Prisons in UK Law

Leading Cases
  • Raymond v Honey
    • House of Lords
    • 04 Marzo 1982

    In my opinion, there is nothing in the Prison Act 1952 that confers power to make regulations which would deny, or interfere with, the right of the respondent, as a prisoner, to have unimpeded access to a court. Section 47, which has already been quoted, is a section concerned with the regulation and management of prisons and, in my opinion, is quite insufficient to authorise hindrance or interference with so basic a right.

  • R (Lichniak) v Secretary of State for the Home Department
    • House of Lords
    • 25 Noviembre 2002

    I doubt whether there is in truth a burden on the prisoner to persuade the Parole Board that it is safe to recommend release, since this is an administrative process requiring the board to consider all the available material and form a judgment.

  • R (Daly) v Secretary of State for the Home Department
    • House of Lords
    • 23 Mayo 2001

    First, the doctrine of proportionality may require the reviewing court to assess the balance which the decision maker has struck, not merely whether it is within the range of rational or reasonable decisions. Secondly, the proportionality test may go further than the traditional grounds of review inasmuch as it may require attention to be directed to the relative weight accorded to interests and considerations.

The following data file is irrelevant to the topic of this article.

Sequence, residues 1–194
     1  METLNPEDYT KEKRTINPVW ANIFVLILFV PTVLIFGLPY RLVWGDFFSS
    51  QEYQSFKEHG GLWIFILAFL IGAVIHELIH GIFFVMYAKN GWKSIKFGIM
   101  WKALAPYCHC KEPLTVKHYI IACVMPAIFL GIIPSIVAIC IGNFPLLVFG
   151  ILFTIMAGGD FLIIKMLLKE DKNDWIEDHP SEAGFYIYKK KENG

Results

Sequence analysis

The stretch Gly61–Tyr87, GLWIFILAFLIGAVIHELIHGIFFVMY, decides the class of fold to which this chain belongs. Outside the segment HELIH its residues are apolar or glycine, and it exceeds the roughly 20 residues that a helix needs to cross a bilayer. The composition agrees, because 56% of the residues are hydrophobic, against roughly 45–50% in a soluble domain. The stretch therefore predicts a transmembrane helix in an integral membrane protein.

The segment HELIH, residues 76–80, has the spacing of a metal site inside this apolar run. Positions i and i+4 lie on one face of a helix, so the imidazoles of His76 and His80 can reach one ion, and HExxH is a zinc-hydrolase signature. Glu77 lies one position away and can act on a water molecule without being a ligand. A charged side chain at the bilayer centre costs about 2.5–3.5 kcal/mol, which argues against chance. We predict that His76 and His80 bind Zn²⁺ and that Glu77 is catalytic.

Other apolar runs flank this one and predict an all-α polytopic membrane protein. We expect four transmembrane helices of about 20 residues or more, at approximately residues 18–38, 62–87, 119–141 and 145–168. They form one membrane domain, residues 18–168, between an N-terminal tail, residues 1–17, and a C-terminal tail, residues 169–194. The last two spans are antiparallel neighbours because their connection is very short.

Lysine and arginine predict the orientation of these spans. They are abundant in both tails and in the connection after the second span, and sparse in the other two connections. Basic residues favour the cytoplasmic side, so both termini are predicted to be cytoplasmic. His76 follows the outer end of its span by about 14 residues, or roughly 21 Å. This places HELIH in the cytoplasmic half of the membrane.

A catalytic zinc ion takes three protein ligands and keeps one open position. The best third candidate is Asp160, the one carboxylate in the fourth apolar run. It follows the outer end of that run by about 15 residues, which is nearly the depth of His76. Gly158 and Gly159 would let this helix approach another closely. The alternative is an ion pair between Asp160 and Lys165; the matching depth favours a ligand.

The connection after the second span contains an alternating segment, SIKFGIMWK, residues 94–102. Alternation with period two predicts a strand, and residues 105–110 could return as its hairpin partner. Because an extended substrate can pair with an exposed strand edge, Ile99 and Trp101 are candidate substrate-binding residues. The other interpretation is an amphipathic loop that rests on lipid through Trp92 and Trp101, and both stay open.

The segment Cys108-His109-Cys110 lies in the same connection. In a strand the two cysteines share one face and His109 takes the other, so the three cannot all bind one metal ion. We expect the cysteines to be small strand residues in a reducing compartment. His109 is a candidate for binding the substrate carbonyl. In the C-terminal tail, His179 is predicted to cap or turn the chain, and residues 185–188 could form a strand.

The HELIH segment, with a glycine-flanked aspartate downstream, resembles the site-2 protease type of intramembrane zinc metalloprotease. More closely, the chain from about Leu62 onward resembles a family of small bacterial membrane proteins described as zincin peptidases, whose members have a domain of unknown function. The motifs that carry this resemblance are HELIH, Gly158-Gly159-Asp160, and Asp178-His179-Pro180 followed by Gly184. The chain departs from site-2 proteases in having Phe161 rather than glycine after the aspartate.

• R (Al-Hasan) v Secretary of State for the Home Department; R (Carroll) v Same
    • Court of Appeal (Civil Division)
    • 20 Julio 2001

    Here this was the situation in relation to Deputy Governor Copple. Because the lawfulness of the order was being challenged, it was apparent there could be questions which required, if they were answered, the revelation of information which the prison could reasonably wish to remain confidential in the interests of security. For example, in prisons, sources of information are vital to the maintenance of security and control.

  • R (Jean Middleton) v HM Coroner for Western Somersetshire and Secretary of State for the Home Department
    • House of Lords
    • 11 Marzo 2004

    These statistics, grim though they are, do not of themselves point towards any dereliction of duty on the part of the authorities (which have given much attention to the problem) or any individual official. But they do highlight the need for an investigative regime which will not only expose any past violation of the state's substantive obligations already referred to but also, within the bounds of what is practicable, promote measures to prevent or minimise the risk of future violations.

  • R (Imtiaz Amin) v Secretary of State for the Home Department
    • House of Lords
    • 16 Octubre 2003

    The purposes of such an investigation are clear: to ensure so far as possible that the full facts are brought to light; that culpable and discreditable conduct is exposed and brought to public notice; that suspicion of deliberate wrongdoing (if unjustified) is allayed; that dangerous practices and procedures are rectified; and that those who have lost their relative may at least have the satisfaction of knowing that lessons learned from his death may save the lives of others.